Life Insurance 01 – Characteristics of Term Insurance


A life insurance policy is evidence of a contract between two parties; one party is the life insurance company and the other party is the policy owner. Under a term insurance policy, the insurance company promises to pay the sum insured, if the life insured dies within the period specified in the policy; if the life insured is alive at the end of the period, the policy terminates on that dateĀ  and the life insurance protection ceases.

1. Increasing term
Increasing term insurance might be employed in situations where the liability being protected against is both temporary and increasing; for example, such a policy might be used to protect the value of a key employee in an organization, where the employee’s salary is expected to increase every year. With this type of policy, the annual premium generally increases in step with the increases in the face amount of insurance coverage.

2. Decreasing term
A decreasing term policy or rider provides for the payment of a fixed monthly benefit from the date of the life-insured’s death to a fixed future date, such as the 20th anniversary of the date of issue. Such a decreasing need might also be to guarantee additional monthly income until the youngest child is through school.Generally, premiums for term insurance policies are for the same amount for each and every year of the term; this is also the case for decreasing term policies.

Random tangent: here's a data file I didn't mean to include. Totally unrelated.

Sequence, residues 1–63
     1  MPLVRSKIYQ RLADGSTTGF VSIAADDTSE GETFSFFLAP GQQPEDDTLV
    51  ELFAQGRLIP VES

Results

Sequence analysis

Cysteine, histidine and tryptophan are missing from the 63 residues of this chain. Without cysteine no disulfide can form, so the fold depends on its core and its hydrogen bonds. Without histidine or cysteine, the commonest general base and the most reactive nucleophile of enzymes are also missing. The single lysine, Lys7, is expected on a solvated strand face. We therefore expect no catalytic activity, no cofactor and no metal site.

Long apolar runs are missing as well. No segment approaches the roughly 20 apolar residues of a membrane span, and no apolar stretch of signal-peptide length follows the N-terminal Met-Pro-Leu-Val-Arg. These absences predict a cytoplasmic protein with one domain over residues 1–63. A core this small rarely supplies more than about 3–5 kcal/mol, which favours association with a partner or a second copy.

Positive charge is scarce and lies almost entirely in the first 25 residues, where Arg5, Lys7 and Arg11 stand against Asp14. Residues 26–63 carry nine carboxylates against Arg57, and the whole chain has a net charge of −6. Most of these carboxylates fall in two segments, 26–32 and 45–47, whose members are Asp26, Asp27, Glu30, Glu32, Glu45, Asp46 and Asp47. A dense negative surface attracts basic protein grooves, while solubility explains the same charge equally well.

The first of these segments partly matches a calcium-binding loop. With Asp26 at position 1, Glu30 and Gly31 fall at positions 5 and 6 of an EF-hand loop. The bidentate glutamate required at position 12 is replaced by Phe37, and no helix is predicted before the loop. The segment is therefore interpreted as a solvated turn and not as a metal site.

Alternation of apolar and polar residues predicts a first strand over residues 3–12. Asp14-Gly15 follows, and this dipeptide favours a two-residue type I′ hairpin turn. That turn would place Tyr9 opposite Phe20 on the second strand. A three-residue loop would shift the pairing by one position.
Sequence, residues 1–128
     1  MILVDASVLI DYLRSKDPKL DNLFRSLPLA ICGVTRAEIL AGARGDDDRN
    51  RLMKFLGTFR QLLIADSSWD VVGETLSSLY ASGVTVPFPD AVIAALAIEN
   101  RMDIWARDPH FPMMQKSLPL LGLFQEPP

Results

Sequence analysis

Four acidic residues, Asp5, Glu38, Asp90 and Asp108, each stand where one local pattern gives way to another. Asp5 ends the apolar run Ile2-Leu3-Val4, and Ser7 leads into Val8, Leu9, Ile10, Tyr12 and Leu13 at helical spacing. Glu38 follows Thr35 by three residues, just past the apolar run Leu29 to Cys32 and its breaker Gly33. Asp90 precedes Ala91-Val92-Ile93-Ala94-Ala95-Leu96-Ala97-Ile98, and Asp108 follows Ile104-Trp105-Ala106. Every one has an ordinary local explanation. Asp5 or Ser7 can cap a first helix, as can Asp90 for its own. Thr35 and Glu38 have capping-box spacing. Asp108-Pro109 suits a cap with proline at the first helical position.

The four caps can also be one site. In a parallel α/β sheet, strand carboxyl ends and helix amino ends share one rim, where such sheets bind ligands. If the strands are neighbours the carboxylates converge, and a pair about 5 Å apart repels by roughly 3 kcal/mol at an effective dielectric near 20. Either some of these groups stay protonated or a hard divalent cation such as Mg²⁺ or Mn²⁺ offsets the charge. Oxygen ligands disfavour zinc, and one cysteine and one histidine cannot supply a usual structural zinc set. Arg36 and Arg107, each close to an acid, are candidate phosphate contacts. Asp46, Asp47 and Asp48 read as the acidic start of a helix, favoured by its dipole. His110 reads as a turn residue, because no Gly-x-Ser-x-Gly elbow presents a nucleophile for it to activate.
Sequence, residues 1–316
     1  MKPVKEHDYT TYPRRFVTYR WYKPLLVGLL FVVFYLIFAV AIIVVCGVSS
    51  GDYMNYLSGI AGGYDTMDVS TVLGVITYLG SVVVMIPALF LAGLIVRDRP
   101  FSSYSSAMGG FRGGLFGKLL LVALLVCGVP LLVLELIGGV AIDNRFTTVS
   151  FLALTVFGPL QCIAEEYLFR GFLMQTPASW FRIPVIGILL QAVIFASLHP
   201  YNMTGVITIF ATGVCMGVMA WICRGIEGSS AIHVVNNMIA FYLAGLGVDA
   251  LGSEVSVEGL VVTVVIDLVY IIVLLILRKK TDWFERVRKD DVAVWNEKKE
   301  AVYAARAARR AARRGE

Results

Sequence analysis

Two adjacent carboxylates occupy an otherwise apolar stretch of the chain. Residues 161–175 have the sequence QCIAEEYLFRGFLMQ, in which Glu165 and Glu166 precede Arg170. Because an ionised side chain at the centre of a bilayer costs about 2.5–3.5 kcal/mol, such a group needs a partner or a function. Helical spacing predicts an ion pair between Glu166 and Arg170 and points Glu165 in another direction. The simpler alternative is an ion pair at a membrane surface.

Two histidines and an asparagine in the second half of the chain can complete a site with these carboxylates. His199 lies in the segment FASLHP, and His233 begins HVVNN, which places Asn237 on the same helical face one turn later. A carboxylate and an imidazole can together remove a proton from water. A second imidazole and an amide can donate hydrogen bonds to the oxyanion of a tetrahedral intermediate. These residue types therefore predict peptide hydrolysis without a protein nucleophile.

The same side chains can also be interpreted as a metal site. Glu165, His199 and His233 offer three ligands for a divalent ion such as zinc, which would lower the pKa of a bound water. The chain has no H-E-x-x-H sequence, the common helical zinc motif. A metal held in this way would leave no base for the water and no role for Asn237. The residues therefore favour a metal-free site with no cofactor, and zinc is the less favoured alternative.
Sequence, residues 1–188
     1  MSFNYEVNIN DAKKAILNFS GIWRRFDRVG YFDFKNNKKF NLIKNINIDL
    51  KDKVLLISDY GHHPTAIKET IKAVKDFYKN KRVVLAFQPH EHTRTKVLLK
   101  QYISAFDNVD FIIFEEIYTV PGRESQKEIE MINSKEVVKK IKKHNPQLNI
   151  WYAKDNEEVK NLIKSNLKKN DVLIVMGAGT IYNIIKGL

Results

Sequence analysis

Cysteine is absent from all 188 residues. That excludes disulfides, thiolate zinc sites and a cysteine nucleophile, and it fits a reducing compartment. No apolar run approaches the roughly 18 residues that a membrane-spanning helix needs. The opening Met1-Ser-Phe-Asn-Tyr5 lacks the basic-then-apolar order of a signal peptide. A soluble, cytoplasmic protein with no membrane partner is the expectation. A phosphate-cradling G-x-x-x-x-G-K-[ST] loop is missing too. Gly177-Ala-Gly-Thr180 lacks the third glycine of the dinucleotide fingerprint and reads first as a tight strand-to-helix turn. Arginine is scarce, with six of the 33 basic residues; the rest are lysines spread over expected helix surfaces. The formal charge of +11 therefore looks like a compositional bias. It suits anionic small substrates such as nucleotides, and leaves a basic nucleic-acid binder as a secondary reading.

3. Fixed-period term
Term insurance policies are commonly issued for specified periods, such as 1, 5, 10, 15, and 20 year; they are often issued to terminate at a specified age of the insured, generally at age 65.

4. Renewability and convertibility
This right to convert without evidence is provided in the term policy, regardless of changes in health or occupation. Renewable term insurance normally is identified as such at the time of application. You must understand that, at each renewable period, the premium goes up, because the person has got older.

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Source by Kyle J. Norton